Midwives launch screening service

A group at the launch of CO monitoring service for pregnant women at Montrose Infirmary on Tuesday morning. Pictured are, from left - Sarah Semple, midwifery ward assistant; Nikki Stewart, Jemma Ritchie and Jamie Thomson holding baby Thomson at the front; and Bonnie Troup, public health nurse (Health Improvement). Nikki, Jemma and Jamie have all successfully taken part in NHS Tayside's 'Give it up for Baby' stop smoking scheme.

A group at the launch of CO monitoring service for pregnant women at Montrose Infirmary on Tuesday morning. Pictured are, from left - Sarah Semple, midwifery ward assistant; Nikki Stewart, Jemma Ritchie and Jamie Thomson holding baby Thomson at the front; and Bonnie Troup, public health nurse (Health Improvement). Nikki, Jemma and Jamie have all successfully taken part in NHS Tayside's 'Give it up for Baby' stop smoking scheme.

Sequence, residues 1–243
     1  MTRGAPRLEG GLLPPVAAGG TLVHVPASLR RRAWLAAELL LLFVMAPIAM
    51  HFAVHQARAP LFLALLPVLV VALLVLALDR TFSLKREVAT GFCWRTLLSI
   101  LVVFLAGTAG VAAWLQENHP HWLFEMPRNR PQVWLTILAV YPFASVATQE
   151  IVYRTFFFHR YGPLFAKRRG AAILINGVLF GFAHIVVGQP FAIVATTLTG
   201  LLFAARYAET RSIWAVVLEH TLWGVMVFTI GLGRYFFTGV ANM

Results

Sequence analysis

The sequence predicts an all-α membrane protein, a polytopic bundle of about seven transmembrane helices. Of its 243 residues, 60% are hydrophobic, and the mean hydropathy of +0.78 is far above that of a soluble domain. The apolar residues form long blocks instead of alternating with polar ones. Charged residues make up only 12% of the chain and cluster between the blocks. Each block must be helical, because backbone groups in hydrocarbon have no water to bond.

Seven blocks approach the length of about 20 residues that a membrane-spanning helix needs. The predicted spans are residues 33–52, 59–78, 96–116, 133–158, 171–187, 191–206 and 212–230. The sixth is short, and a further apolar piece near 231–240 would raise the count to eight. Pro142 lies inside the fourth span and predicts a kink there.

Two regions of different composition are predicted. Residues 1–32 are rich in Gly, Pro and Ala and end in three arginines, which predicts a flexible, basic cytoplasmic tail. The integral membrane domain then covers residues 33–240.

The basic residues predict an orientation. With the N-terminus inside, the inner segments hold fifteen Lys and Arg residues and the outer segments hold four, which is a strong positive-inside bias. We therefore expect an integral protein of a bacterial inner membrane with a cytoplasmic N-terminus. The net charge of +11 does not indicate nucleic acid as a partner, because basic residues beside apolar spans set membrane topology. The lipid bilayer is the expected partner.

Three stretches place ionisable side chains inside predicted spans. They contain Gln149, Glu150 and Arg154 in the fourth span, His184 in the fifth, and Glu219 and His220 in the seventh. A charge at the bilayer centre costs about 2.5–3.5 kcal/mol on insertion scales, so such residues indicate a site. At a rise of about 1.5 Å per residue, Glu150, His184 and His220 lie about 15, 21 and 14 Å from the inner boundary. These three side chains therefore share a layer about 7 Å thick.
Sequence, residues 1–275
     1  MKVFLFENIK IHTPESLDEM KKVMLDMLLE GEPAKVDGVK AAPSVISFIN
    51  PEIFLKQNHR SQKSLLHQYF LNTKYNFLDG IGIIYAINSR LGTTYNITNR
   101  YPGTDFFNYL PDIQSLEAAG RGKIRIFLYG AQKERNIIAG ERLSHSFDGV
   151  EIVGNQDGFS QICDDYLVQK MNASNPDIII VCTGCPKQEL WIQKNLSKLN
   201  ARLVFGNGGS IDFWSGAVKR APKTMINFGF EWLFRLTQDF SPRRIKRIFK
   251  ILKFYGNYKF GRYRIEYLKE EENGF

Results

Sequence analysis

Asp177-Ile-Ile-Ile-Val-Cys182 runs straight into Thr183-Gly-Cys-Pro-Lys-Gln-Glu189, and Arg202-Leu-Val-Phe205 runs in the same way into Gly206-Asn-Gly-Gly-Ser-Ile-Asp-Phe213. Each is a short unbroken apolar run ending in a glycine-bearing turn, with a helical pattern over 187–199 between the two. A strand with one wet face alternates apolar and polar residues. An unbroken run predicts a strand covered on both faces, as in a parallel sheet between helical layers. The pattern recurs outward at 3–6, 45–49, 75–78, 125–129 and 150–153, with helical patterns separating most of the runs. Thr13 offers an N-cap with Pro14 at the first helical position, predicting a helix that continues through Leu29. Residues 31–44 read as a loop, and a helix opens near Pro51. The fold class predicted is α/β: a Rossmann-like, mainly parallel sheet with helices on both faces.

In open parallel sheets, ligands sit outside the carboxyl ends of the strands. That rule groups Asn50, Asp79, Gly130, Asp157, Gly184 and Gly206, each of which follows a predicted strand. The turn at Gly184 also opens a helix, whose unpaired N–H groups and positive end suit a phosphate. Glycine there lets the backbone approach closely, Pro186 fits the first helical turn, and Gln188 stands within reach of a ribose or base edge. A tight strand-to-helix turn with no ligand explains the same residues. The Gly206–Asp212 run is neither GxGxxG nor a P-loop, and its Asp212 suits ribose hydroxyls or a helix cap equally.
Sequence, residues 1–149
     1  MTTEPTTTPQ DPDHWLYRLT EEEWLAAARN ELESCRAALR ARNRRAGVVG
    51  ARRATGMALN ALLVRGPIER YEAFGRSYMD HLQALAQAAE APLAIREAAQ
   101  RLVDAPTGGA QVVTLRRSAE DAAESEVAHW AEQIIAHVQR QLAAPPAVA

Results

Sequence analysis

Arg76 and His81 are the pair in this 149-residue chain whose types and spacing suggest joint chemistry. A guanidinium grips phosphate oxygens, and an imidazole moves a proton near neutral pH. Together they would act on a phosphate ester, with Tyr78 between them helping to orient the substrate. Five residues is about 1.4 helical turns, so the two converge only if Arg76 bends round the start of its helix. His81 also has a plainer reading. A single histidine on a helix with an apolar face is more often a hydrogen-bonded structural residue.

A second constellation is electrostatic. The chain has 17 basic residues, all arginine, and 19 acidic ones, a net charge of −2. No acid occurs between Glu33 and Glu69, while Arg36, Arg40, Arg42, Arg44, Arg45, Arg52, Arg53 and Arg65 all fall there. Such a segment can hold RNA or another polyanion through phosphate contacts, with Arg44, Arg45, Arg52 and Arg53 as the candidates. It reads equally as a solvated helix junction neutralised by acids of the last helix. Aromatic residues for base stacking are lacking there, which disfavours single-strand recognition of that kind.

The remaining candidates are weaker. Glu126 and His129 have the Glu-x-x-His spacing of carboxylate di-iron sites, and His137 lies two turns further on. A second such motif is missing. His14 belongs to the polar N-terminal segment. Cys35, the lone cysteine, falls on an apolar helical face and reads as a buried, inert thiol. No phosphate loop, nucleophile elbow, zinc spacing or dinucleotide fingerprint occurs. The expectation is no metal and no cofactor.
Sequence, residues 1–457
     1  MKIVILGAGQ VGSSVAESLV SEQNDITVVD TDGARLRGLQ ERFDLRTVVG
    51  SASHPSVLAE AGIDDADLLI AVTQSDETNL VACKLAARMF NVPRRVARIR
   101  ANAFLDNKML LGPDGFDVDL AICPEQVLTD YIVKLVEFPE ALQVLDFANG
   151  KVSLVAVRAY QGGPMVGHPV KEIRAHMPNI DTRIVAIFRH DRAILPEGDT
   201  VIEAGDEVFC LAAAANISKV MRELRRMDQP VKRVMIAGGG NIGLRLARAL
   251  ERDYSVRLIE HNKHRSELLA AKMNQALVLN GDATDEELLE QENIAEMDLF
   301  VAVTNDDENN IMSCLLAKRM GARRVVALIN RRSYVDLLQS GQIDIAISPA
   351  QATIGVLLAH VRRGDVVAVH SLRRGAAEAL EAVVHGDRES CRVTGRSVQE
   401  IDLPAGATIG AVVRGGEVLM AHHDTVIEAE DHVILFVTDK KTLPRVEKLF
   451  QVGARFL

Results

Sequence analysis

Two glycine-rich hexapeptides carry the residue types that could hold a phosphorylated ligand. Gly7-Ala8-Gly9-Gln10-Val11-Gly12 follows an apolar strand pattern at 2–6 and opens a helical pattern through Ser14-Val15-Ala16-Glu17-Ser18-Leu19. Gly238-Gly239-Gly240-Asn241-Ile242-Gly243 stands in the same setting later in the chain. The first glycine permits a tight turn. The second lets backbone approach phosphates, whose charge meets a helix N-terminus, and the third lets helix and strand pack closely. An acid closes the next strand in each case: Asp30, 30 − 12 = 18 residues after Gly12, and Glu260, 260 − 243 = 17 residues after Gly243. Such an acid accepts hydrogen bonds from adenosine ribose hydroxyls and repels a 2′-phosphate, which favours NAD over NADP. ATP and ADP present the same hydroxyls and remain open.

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A screening service aimed at improving the health of pregnant women and their babies was launched last Tuesday by midwives across Tayside.

They will now be offering carbon monoxide (CO) monitoring to all pregnant women when they attend their first antenatal appointment.

Carbon monoxide is a colourless, toxic gas which is produced when anything burns. It is found in cigarette smoke, vehicle exhaust fumes and can be emitted from faulty gas appliances.

Information stands were held at Ninewells Hospital and in the Community Maternity Unit at Montrose Infirmary.

The stands were manned by midwives and smoking cessation coordinators who provided information on the new CO monitoring service and demonstrated how the carbon monoxide monitor worked. They also gave out information on how to stop smoking as well as the risks associated with passive smoking.

The simple test involves breathing into a CO monitor which then detects and measures the level of carbon monoxide in both the woman and her unborn child.

As part of the screening service midwives will explain the health effects of high CO levels on the woman’s pregnancy and her unborn baby.

Smoking during pregnancy or being exposed to passive smoking can increase the risk of miscarriage and premature birth. Children of parents who smoke tend to suffer from more respiratory problems such as asthma or bronchitis.